For over 150 years scientists and researchers have been trying to unlock the mystery that surrounds teeth and birds. However, that mystery has now been solved. Going back to one of the modern-day-bird’s earliest ancestors the Archaeopteryx had a set of teeth. Scientists then wondered whether the teeth stopped growing independently of each other or if there was a common thread in bloodline that would have caused all birds thereafter to be absent of teeth.
Scientists have learned though that it was likely due to the common thread in their bloodline. Roughly 116 million years ago, scientists believe that a single ancestor lost its teeth – and from there the rest of birds afterward were absent of teeth. Scientists and researchers analyzed 48 different bird species, which represented almost all orders of the modern-day bird and what they found was that the same mutations were found in each – leading scientists to the common-ancestor theory.
The team learned this by investigating the six genes that ultimately are responsible for tooth production in birds. These six genes are the ones responsible for creating dentin and enamel in teeth that are found in vertebrates. Enamel is the hard coating found on the outside of teeth, and dentin is the stuff that fills the inside of the tooth. Dentin is significantly less strong than enamel, and what the scientists found was that as the enamel stopped being produced, the existence of teeth began disappearing.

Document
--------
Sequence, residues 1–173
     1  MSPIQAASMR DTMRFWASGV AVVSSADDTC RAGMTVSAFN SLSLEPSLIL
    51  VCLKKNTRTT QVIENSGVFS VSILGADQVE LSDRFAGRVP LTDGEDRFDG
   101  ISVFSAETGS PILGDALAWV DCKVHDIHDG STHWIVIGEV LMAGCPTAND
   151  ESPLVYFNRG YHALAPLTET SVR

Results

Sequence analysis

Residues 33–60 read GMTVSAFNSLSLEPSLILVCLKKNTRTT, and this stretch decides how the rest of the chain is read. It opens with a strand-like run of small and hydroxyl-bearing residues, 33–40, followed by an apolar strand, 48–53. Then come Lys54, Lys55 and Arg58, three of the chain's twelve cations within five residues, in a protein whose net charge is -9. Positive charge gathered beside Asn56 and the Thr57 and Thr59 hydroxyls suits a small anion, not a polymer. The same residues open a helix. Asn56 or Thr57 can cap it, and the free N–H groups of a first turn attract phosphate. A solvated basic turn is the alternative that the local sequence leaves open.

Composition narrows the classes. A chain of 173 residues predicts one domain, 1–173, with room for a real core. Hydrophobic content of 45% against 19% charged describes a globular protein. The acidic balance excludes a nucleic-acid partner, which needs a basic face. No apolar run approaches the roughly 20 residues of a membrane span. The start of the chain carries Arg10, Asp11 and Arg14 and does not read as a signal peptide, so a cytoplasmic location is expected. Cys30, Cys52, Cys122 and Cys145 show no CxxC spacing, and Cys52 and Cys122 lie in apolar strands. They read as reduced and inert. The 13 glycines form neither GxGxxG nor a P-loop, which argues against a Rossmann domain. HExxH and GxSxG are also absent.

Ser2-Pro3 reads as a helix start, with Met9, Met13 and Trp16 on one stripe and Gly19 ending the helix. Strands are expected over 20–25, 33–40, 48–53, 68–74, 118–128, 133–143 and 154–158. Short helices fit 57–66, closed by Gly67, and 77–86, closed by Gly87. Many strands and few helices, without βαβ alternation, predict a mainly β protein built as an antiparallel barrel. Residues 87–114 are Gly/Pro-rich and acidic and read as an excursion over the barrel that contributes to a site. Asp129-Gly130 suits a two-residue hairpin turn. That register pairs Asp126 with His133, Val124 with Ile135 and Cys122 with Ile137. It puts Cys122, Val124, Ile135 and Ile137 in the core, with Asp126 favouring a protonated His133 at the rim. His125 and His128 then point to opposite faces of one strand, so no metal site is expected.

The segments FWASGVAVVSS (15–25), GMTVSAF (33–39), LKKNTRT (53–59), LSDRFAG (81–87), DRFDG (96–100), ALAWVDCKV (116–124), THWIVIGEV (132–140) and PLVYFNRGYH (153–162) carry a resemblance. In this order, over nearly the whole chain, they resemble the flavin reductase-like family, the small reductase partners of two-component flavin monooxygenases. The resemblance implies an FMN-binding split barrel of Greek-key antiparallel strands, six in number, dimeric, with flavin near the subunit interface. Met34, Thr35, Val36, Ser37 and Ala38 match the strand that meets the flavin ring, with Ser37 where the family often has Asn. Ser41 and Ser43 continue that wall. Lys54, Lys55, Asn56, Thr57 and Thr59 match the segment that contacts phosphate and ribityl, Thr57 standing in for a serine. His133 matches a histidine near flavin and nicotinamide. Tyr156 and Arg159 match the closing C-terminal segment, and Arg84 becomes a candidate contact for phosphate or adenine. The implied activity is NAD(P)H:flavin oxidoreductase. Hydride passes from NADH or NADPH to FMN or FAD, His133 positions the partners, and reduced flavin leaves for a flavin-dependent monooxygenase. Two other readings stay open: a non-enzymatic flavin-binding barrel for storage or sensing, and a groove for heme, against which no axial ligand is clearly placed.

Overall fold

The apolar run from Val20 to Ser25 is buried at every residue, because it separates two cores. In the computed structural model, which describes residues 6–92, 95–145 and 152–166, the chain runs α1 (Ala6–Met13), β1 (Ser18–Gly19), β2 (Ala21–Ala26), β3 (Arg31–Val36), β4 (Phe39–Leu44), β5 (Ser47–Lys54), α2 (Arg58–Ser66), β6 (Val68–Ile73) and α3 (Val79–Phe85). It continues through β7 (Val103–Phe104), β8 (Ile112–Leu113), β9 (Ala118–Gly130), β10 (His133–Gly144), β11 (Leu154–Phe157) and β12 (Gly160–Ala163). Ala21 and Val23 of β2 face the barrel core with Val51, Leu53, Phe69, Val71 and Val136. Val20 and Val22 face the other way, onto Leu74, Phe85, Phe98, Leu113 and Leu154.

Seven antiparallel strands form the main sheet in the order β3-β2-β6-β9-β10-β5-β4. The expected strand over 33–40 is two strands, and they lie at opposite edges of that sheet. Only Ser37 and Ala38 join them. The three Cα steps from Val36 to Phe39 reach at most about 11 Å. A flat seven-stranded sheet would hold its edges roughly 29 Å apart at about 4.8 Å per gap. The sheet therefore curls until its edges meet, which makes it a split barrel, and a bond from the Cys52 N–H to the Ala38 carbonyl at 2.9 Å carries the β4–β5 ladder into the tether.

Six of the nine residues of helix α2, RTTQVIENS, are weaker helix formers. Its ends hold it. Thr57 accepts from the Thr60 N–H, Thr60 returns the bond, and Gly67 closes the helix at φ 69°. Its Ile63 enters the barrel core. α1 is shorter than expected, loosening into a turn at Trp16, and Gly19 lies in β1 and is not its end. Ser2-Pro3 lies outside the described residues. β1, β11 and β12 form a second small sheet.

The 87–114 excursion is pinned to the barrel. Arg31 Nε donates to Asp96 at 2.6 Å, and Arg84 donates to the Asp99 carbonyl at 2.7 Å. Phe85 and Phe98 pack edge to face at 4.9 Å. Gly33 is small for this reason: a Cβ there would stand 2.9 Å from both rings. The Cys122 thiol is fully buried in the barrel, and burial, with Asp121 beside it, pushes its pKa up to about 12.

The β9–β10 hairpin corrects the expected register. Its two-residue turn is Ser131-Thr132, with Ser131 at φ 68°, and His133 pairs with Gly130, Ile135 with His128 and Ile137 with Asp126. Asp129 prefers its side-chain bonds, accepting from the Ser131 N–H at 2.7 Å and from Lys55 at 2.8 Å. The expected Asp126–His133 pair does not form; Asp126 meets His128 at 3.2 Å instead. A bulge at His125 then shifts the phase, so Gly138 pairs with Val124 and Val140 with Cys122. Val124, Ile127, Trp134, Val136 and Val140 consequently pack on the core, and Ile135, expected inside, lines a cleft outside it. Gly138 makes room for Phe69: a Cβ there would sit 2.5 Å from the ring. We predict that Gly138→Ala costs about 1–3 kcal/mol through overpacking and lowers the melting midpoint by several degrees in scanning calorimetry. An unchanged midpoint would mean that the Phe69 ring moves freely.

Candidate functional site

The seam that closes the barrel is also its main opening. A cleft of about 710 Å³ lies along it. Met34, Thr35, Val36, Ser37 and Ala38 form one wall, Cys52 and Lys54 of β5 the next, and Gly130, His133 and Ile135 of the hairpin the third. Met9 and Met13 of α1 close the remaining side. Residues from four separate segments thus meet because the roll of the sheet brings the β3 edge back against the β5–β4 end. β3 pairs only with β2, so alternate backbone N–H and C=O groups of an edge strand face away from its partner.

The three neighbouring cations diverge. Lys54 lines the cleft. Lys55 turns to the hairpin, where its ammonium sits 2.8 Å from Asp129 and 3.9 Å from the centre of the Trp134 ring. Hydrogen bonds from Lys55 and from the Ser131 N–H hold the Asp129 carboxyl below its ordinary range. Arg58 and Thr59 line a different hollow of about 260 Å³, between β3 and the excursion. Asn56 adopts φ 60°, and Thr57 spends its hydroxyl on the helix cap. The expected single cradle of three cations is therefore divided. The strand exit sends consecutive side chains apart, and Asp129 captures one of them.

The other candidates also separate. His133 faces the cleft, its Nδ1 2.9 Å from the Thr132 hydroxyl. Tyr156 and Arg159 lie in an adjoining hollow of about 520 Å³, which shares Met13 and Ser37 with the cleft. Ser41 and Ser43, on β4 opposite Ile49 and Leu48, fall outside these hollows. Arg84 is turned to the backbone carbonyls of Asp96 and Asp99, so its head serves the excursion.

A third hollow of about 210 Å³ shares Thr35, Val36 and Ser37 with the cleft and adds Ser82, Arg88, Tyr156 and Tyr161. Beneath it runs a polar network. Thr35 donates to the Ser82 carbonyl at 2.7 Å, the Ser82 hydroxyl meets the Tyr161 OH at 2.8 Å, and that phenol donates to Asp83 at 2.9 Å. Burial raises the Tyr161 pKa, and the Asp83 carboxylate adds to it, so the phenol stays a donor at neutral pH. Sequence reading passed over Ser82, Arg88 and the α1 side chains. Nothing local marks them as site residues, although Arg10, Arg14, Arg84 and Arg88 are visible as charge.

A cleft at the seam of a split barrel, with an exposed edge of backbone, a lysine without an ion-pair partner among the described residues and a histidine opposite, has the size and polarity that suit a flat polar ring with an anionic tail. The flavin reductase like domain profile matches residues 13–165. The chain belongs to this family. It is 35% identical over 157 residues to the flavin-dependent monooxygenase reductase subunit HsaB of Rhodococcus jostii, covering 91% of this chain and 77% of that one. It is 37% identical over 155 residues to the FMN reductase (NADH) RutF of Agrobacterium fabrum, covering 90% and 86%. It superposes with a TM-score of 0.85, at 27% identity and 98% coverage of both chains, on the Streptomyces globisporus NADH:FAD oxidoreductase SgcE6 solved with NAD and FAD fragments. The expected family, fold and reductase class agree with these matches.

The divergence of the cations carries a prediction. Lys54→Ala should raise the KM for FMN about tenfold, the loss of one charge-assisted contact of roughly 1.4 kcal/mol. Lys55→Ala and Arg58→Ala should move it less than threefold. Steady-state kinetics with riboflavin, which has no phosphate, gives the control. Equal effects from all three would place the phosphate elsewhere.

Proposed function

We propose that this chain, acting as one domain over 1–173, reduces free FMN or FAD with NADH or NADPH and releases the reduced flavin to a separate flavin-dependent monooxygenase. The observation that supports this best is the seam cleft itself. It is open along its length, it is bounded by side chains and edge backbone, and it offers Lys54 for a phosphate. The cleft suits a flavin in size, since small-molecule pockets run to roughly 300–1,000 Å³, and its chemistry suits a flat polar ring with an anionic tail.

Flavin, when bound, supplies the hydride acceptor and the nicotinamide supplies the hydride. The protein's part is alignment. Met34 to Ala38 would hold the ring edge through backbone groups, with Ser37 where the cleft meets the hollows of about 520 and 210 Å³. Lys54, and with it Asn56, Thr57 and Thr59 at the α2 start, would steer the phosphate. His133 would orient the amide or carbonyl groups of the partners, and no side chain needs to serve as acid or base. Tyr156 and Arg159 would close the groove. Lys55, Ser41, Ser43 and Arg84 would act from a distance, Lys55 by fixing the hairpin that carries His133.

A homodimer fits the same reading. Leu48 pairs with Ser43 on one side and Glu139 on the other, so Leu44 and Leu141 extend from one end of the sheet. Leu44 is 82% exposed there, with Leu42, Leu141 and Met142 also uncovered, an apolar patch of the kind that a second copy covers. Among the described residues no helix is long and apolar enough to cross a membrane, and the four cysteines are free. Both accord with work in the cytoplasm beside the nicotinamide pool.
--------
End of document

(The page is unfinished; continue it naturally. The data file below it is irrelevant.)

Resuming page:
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One member of the team responsible for this research pointed out that “The presence of several inactivating mutations that are shared by all 48 bird species suggests that the outer enamel covering of teeth was lost around 116 million years ago.”
These findings were just one of the many findings that were brought to light regarding the evolution of birds throughout their history.
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Interestingly though, scientists did find that the closing living reptile to birds still maintain the function of all six genes that are responsible for tooth production. That living relative though, the alligator, would be incredibly hard to imagine without teeth.
The ucrtoday published the work on December 12th.